The US Court of Appeals for the Federal Circuit agreed with a district court that it lacked personal jurisdiction over a patent owner/declaratory judgment defendant where the defendant’s only contacts with the forum were the presence of an exclusive licensee and cease-and-desist letters sent into the jurisdiction. New World Int’l, Inc. v. Ford Global Techs., LLC, Case No. 16-2097 (Fed. Cir., June 8, 2017) (Bryson, J).

This case relates to a series of cease-and-desist letters sent by Ford Global Technologies, Ford’s intellectual property holding company, to New World International, a Texas company that sells aftermarket parts for Ford vehicles. Ford alleged that New World was selling products that infringed on two of its design patents, which it had exclusively licensed to LKQ Corp., another manufacturer of aftermarket parts that does business in all 50 states. Ford sent several letters to New World instructing it to cease all sales of the allegedly infringing parts and directing it how to dispose of them. New World responded by filing a declaratory judgment action in the Northern District of Texas, seeking declarations of invalidity and non-infringement. Ford moved to dismiss that suit for lack of personal jurisdiction. After the district court granted the motion, New World appealed.

The Federal Circuit applied the standard three-prong test for personal jurisdiction: “(1) whether the defendant ‘purposefully directed’ its activities at residents of the forum; (2) whether the claim ‘arises out of or relates to’ the defendant’s activities with the forum; and (3) whether the assertion of personal jurisdiction is ‘reasonable and fair.’” The Court found that the sending of the cease-and-desist letters was sufficient on its own to meet the first two prongs of the test. The Court required more to satisfy the third prong, however.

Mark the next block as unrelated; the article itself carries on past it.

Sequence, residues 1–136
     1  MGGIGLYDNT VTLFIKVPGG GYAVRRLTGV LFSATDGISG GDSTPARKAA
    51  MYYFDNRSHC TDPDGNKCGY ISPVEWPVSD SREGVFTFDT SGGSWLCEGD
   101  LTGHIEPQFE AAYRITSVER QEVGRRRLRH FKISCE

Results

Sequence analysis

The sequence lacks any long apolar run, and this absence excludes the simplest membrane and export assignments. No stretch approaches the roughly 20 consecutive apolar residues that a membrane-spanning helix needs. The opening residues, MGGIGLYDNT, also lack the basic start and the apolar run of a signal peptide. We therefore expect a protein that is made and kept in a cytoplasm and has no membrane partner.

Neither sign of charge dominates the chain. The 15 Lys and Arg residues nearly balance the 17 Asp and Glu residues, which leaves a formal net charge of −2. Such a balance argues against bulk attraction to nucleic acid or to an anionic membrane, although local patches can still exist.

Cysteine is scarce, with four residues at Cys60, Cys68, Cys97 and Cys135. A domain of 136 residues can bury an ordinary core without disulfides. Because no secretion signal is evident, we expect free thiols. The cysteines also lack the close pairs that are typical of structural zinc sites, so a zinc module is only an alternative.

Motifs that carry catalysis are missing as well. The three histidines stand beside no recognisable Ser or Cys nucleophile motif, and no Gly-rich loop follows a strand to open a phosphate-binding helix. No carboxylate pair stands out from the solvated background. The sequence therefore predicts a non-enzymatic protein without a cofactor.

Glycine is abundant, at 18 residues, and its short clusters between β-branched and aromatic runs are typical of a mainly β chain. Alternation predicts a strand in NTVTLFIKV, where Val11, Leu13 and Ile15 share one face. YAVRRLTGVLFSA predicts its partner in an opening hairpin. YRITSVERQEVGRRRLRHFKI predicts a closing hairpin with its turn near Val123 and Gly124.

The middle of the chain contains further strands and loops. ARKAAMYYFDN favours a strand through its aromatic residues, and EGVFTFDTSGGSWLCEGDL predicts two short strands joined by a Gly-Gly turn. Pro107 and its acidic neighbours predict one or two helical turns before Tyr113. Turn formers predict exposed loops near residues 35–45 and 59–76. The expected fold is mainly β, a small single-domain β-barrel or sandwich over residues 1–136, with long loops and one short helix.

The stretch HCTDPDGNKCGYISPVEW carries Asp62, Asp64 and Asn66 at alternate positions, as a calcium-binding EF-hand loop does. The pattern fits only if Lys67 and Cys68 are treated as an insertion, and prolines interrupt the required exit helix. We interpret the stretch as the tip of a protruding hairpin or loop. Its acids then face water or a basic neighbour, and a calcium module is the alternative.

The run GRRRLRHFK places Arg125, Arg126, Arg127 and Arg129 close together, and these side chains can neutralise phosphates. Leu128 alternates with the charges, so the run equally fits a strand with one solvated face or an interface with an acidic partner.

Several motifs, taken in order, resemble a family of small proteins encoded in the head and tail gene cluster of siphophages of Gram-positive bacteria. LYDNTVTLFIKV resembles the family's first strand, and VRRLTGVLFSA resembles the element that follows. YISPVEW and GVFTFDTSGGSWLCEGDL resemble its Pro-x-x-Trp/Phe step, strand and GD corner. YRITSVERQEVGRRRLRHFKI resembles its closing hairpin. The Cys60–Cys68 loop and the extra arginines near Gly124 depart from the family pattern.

New World argued that it was reasonable and fair to subject Ford to personal jurisdiction in Texas because it had an exclusive licensee making sales in Texas and had agreed to indemnify that licensee and to not unreasonably refuse a request by the licensee to enforce the design patents against other infringers. Noting that neither of those provisions gave rise to the sort of ongoing relationship with the forum state necessary to make the exercise of personal jurisdiction reasonable and fair, the Federal Circuit disagreed.

New World also appealed the district court’s denial of its motion to amend the complaint to add further jurisdictional bases. The district court had concluded that the only basis New World offered to amend its complaint was to buttress its arguments with facts it could have included the first time. The Federal Circuit agreed and concluded that the district court’s refusal to allow New World a second chance at the pleading was not an abuse of discretion.

Practice Note: Parties filing a declaratory judgment action should carefully consider the limits on their forum selection and include robust jurisdictional factual support to protect themselves against jurisdictional challenges.